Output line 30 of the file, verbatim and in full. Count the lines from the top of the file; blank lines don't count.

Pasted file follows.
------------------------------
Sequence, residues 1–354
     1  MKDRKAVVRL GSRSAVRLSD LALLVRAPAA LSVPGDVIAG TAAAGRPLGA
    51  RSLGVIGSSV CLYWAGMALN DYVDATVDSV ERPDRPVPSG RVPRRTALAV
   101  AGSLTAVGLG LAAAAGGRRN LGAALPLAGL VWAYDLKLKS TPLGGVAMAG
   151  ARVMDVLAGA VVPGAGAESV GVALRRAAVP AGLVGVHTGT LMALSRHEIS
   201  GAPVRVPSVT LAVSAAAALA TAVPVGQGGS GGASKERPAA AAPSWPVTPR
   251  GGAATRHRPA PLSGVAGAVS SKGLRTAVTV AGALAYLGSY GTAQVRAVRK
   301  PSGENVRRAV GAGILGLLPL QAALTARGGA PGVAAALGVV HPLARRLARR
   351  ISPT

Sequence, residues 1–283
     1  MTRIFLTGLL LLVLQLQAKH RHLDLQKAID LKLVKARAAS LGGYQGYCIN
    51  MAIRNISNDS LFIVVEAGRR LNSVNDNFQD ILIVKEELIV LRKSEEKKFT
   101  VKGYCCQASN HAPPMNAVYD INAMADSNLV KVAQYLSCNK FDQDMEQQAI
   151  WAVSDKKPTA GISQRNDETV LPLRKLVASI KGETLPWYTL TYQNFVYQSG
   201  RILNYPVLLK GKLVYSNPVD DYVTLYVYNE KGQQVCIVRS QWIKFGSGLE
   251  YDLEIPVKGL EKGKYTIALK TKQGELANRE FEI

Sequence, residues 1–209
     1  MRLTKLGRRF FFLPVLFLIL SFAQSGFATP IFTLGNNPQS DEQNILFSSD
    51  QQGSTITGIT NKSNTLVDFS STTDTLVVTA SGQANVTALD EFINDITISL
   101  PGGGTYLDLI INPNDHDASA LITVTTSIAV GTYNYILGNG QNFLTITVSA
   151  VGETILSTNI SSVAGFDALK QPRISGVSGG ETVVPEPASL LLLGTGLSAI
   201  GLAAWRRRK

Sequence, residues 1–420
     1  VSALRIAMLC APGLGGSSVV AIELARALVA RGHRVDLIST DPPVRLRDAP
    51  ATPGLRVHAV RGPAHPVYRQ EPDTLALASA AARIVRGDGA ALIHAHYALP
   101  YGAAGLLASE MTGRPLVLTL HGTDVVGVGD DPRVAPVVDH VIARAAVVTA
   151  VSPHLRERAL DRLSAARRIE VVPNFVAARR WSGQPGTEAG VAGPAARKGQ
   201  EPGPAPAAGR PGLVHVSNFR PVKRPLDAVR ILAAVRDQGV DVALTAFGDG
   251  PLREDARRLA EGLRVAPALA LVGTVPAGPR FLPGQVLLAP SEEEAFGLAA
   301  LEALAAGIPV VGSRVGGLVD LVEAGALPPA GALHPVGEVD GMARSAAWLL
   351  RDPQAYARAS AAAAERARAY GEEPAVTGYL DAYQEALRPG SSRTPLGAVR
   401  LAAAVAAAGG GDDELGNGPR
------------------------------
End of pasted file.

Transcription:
   301  LEALAAGIPV VGSRVGGLVD LVEAGALPPA GALHPVGEVD GMARSAAWLL